On May 8, 1945, the Allies celebrated victory over the Axis powers with triumphant parades and hopeful speeches in major European and American cities. For the remainder of the century, with most of Europe and large parts of East Asia destroyed by the fighting, the United States entered a period in which it would enjoy military and economic influence over much of the globe. Yet, despite that consistent military superiority, the United States has not again celebrated the decisive end of a conflict in the manner it celebrated V-E day, 70 years ago.
Instead, the LIFE magazine images of American servicemen and women celebrating in Times Square have been replaced by the unfortunate memes of Vietnamese civilians clinging to the skids of American helicopters fleeing Saigon, and President George W. Bush’s premature declaration of “Mission Accomplished” from the flight deck of the U.S.S. Abraham Lincoln. Tragically, America’s involvement in foreign conflicts since 1945 dependably circles back to the question, “How did we get here—again?”
In his recent book Before the First Shots are Fired, retired Gen. Tony Zinni blames America’s elected officials for dragging the country into conflicts without clear objectives, and for failing to provide the world’s most powerful military with the political leadership required to succeed in modern conflicts. The Washington elite ignores General Zinni at their own peril: After cutting his teeth training Vietnamese marines, Zinni went on to an illustrious 40-year military career, culminating with a stint as CENTCOM commander from 1997 to 2000. Since leaving the military, the general has held a number of positions from the classroom to the boardroom, in addition to serving as the US Envoy to Israel and the Palestinian Authority.
General Zinni’s primary argument in Before the First Shots are Fired is that while America’s soldiers are the best in the world, the nation’s political leaders who are responsible for providing and elucidating the casus belli upon entering wars, and negotiating the treaties to end them, are sadly inept. Politicians, he writes, choose to enter wars for political reasons, often based on politicized intelligence. Once boots are on the ground, these same politicians look for “measures of success,” such as enemy combatants killed and/or elections held, in order to justify the wisdom of their policies. But more often than not these decisions are made in Washington, far from the battlefield, and are based on domestic “political realities” instead of military ones: e.g. the 2009 “surge” in Afghanistan, the precipitous retreat from Iraq, and the ill-conceived “Arab Spring” season of support for overturning the political order from Libya to Egypt to Syria, just to name a few.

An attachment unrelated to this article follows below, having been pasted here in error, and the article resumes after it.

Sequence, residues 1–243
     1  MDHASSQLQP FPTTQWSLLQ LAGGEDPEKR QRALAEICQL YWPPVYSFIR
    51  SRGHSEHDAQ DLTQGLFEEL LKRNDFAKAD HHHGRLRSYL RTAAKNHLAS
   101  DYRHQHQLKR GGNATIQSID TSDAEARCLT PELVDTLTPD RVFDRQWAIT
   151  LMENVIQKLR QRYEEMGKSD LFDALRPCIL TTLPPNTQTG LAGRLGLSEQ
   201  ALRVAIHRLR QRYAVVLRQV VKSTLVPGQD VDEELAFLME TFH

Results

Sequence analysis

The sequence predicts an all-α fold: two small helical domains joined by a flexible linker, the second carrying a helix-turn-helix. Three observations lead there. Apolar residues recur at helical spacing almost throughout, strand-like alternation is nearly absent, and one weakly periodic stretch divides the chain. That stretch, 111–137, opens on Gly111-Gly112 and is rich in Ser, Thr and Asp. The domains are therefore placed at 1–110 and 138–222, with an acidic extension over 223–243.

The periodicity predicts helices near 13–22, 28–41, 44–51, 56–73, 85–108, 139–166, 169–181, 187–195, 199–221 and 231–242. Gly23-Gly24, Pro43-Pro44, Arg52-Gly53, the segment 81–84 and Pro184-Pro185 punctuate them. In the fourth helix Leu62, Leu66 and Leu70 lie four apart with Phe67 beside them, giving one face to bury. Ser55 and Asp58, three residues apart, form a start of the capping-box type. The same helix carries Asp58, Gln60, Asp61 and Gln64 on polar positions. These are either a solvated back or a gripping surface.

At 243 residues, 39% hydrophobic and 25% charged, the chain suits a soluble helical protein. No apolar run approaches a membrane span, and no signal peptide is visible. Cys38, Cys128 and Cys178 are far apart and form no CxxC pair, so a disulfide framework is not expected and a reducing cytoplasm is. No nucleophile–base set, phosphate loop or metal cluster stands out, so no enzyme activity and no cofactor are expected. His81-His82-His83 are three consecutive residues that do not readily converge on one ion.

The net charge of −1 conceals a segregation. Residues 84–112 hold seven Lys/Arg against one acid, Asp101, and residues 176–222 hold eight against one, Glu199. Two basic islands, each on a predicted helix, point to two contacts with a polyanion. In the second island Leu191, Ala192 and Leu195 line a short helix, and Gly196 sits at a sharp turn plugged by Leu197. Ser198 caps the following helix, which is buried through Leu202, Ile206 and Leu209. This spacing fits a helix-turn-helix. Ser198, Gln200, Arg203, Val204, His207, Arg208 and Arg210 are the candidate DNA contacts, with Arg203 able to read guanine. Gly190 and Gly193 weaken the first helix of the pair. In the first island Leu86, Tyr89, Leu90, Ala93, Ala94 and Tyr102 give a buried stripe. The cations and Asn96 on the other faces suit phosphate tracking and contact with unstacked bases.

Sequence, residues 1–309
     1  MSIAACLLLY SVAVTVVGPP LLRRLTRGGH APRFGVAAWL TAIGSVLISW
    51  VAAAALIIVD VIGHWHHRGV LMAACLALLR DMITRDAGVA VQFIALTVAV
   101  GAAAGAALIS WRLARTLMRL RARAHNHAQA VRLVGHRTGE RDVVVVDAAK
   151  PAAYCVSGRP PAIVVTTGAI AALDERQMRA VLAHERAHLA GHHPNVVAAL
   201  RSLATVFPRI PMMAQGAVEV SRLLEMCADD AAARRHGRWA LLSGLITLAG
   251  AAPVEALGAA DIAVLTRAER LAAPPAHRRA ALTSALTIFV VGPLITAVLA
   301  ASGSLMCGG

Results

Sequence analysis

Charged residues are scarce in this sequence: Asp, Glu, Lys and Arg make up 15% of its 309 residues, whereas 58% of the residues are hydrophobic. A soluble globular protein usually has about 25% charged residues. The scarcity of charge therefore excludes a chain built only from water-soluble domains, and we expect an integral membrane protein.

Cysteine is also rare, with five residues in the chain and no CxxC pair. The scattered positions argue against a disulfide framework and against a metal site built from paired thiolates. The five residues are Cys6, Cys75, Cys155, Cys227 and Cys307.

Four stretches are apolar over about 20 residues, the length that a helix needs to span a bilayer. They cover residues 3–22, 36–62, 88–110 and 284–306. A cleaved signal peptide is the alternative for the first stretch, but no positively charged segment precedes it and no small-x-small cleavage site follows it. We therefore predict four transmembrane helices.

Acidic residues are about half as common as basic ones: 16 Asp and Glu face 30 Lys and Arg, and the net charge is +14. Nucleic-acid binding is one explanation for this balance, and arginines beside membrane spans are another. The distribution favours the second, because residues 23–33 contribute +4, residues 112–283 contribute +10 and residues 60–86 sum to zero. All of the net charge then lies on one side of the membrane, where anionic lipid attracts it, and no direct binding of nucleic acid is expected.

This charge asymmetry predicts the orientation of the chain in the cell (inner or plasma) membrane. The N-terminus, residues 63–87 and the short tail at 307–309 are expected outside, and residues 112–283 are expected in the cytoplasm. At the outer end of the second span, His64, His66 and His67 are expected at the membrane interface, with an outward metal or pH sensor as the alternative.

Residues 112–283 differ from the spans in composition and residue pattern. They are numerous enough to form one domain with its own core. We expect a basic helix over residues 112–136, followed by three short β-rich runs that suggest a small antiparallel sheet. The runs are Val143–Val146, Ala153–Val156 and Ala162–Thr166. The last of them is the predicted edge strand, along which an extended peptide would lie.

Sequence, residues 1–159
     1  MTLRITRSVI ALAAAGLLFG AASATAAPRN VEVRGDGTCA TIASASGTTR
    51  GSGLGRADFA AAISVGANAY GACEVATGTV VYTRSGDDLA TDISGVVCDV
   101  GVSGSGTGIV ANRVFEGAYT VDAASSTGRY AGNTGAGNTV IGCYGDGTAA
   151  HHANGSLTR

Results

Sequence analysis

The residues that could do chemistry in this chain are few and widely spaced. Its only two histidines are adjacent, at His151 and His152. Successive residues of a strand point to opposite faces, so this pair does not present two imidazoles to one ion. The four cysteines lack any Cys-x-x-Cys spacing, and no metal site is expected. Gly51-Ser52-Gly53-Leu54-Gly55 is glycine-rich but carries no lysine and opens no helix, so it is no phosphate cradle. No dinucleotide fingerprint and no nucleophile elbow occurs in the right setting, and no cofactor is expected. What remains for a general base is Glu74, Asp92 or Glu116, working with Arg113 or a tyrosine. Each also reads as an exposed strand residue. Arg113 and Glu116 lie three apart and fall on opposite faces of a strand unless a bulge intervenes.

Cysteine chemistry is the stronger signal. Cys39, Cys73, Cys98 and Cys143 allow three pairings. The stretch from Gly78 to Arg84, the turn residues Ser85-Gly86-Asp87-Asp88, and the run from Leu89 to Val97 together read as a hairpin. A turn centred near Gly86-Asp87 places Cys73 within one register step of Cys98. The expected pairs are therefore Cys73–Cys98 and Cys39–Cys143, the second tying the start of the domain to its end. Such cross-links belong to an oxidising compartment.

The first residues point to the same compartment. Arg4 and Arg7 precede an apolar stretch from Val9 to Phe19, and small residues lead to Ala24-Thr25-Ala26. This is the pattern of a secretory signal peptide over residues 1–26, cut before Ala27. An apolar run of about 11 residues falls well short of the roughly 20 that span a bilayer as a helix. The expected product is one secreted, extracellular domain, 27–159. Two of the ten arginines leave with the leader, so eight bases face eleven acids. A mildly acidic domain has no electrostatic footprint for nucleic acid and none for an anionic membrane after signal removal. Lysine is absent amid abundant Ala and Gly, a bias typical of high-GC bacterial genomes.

Zinni’s book is an insider’s account of America at war, both in Washington and in the battlefields of Vietnam, Afghanistan, and Iraq. It sketches out how the styles of successive presidents have impacted when—and how—we go to war. Zinni gives a humbling example of Bush the “decider”, a Commander in Chief who preferred to avoid the details of analysis and planning. In the run-up to the Iraq war, he explains, a set of war games named “Desert Crossing” were implemented to test the military’s readiness to face the challenges expected in the upcoming invasion. “The findings were astonishing,” writes Zinni. “Although we could easily win a battlefield victory over the regime’s armed forces … it was clear that we did not understand the source of far greater problems—the likely messy post-Saddam environment in Iraq.”
Before the First Shots Are Fired contains a great deal of wisdom from one of the preeminent military thinkers of our day. General Zinni argues that the United States cannot avoid a global leadership role. However, he stresses that the military must not be the singular tool in our nation’s national security toolbox: “Our foreign aid budget is pitiful, our State Department, USAID, and other critically-needed government agencies are underfunded, undermanned, and poorly structured for the tasks we need them to accomplish,” he cautions.
In the concluding pages, the author presents sobering advice on facing up to America’s current challenges. One recommendation that is repeated throughout the book is to “erase the board.” Referring to U.S. national security commitments in far-flung areas of the globe, the author argues that there is an imperative to re-evaluate the assumptions we have made in the past: “If [these commitments] are credible and warranted, then we should revalidate and keep them, but we shouldn’t assume the circumstances and justifications that were valid decades ago still obtain.”
Our soldiers, sailors, and airmen have shown they are ready and willing to sacrifice for the mission at hand. Before the next conflict is upon us, our political leadership would do well to heed the general’s advice.
Daniel Patrick Gabriel served as a CIA counter-terrorism officer in the Global War on Terrorism.